The pattern becomes visible once the dyed threads of the warp of different, repeat patterns are put together in a sequence on the loom. Weaving the threads is yet another cumbersome process that yields at best 10 inches of woven stuff at the end of 10 hours or a day's work by two weavers working on it. Needless to say, six yards of the fine fabric takes as many months to complete!
No wonder then, the price of a patola sari ranges from a hefty minimum of Rs 1 lakh to a whopping Rs 6 lakhs and above, depending on the intricacy of the design and use of dyes – natural or synthetic. According to the Salvis, it is true that 75% of the cost of a saree is attributed to labour with the cost of raw material accounting for a mere 25%. A patola sari is a lifetime investment that endures for over 100 years! Besides, the unique feature of the double ikat weave is that the finished cloth is identical on the obverse and reserve!
Historically speaking the art of double ikat patola weaving goes back several centuries as evidenced by paintings in Ajanta caves. Patola weavers known by the surname Salvi were patronised by Kumarpal the Solanki ruler who would offer daily worship at the temple, sporting a new patola outfit each day. He obtained the fabric from Jhalna in Southern Maharashtra which was then the centre of patola weaving. When Kumarpal discovered that the Jhalna exports were not new, but used as bedspread by its king, he was infuriated. He waged a war against the king and defeated him. 700 craftsmen of patola were then brought to Patan to ensure pure supply of the fabric for his worship. Kumarpal, a follower of the Jain faith it is believed, later converted the weaving community into Shwethamber Jains! This probably explains the presence of over hundred Jain temples in Patan.
Even after the decline of the Solanki dynasty, patola continued to enjoy the patronage of wealthy merchants of Gujarat for whom it became an established status symbol. Besides, it was also imported by the royal families of Indonesia. However, foreign demand for the fabric declined drastically in the years following the Second World War. The Salvis who struggled to make a livelihood from it moved to greener pastures. The craft steadily declined over the decades. Only four families are engaged in it today!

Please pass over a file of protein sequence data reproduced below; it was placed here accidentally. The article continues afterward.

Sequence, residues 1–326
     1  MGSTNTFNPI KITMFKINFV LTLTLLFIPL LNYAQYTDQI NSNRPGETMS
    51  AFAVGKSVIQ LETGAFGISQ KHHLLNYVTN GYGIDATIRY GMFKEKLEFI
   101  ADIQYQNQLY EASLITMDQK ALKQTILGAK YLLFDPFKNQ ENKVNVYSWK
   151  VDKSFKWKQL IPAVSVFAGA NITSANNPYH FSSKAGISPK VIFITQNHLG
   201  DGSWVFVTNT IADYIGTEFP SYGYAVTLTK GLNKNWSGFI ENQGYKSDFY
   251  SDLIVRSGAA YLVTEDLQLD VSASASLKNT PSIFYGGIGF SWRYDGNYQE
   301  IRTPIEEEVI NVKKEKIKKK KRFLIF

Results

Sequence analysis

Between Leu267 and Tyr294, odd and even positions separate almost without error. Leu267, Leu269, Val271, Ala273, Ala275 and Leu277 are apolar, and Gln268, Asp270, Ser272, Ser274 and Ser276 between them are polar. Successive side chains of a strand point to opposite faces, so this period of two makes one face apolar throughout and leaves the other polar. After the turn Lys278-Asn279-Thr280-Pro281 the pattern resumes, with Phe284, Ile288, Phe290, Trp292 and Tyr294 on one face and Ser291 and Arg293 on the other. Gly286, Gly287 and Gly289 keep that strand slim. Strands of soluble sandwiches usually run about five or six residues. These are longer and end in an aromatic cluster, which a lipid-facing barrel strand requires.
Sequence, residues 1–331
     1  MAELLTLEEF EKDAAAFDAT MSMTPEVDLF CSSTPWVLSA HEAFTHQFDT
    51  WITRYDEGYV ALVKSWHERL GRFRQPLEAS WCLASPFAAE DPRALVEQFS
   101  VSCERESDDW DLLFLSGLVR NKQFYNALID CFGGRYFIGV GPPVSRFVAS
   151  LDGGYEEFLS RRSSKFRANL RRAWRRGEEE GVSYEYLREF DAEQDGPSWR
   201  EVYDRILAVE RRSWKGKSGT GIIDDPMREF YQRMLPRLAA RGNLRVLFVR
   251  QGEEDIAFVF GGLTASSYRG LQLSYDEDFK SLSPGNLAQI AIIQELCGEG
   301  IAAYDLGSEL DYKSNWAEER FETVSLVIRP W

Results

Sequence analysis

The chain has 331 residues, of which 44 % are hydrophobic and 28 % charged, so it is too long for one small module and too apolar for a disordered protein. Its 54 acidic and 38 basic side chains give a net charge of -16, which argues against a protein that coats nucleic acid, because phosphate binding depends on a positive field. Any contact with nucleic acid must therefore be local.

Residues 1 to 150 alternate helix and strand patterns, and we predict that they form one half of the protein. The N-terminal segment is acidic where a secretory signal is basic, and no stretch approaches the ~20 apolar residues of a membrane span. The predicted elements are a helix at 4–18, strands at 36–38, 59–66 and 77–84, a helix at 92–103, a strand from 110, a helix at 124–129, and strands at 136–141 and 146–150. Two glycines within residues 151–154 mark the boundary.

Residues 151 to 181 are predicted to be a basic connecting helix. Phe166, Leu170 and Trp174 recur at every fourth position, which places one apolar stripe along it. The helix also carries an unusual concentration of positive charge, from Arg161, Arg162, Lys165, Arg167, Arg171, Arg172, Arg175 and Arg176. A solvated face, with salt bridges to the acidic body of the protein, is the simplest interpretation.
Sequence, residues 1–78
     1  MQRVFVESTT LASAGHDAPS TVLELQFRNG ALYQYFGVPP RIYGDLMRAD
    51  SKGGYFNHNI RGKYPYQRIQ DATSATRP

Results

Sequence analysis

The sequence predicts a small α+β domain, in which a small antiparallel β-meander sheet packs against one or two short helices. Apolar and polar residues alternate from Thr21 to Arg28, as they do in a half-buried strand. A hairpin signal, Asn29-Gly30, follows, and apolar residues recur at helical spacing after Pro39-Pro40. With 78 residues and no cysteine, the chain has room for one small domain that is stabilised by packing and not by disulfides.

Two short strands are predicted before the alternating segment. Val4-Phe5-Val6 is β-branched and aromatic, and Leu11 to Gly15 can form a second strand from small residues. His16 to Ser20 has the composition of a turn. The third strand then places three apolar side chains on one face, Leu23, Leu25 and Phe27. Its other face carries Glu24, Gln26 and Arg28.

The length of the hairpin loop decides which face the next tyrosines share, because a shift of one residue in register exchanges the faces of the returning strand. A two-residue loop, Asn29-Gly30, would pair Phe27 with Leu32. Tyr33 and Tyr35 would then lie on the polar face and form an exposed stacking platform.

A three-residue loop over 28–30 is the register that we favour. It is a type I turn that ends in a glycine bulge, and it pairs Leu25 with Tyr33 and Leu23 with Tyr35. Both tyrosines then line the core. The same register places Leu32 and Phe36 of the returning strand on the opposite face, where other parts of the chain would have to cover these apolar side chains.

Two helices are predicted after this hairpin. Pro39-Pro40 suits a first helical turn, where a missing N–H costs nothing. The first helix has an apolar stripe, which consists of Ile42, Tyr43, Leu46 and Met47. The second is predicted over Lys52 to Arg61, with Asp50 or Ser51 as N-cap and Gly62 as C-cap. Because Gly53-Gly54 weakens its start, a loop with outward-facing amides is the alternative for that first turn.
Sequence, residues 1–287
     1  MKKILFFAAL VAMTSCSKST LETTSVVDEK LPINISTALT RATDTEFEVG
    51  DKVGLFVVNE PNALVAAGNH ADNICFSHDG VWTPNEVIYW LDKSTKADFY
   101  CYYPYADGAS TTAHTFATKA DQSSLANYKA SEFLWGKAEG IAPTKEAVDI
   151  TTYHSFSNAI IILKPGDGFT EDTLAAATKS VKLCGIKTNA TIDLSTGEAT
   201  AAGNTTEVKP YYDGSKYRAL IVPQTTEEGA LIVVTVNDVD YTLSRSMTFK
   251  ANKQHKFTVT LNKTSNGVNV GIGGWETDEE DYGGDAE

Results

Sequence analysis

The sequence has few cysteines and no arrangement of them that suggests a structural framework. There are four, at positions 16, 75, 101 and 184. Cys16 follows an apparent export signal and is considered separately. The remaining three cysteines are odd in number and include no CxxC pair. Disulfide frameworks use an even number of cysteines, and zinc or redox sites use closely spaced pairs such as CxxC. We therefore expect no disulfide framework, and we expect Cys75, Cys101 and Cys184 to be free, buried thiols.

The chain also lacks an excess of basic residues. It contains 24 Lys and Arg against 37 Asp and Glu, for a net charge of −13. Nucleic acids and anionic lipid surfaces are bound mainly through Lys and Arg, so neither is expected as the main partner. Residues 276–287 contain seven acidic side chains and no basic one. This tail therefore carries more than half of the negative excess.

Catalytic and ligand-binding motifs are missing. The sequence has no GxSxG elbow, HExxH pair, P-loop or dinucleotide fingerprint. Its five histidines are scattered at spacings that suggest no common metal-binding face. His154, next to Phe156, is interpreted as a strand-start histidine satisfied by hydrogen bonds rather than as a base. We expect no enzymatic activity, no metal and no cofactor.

The Salvis have won several national and other awards for their remarkable creations. Two volumes of the book 'The Patola of Gujarat: Double Ikat in India', authored by Germans, Alfred Buhler and Eberhard Fischer, were published in 1979. The Government of India launched a postage stamp of Rs 5 on Patan ka Patola on November 15, 2002. Patola also enjoys the Geographical Indication (GI) tag. A couple of patola saris bought by Queen Elizabeth during one of her visits to India, enjoy the pride of place in museums in London and Switzerland. Sonia Gandhi is believed to have worn on the occasion of the closing ceremony of Commonwealth Games 2010, a patola sari handed down to her by Mrs Indira Gandhi.
While patola, undoubtedly enjoys a niche market and every piece is a made-to-order gorgeous splendour, it is equally true that the art is struggling for survival! The art which takes 8-10 years to learn and perfect, is laborious and time-consuming, has a restricted market, and involves an inordinately long payback time. These factors deter the younger generation from pursuing it. In such a scenario, it is heartening to see Ujjwal Salvi, equipped with degrees in Commerce, and Rahul Salvi, an architect by qualification, engaged in patola-weaving. The Salvi family of Patola House to which Rahul belongs is one of the four families that has carried forward this heritage art since the 11th century over roughly 35 generations. For them, as for the other three families, it is a tapasya or meditation of sorts to keep the rich heritage afloat.
As I leave the Salvis with their looms and creative narrations on an exotic fabric, I wonder if the glorious weave is an ode to the beauty of silk or vice versa! It is impossible to remain unmoved by this exquisite work of mankind which feeds and fans human vanity!